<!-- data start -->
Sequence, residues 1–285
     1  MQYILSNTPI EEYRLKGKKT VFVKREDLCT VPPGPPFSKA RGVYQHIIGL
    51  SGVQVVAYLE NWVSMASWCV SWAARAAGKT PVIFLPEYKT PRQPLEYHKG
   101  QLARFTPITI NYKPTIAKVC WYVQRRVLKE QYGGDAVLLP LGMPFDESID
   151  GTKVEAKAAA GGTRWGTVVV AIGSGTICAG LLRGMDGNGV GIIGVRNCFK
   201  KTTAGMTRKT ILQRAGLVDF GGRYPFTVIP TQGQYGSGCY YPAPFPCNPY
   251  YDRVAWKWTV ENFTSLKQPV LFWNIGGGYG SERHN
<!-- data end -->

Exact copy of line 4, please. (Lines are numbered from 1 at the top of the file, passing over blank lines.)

   101  QLARFTPITI NYKPTIAKVC WYVQRRVLKE QYGGDAVLLP LGMPFDESID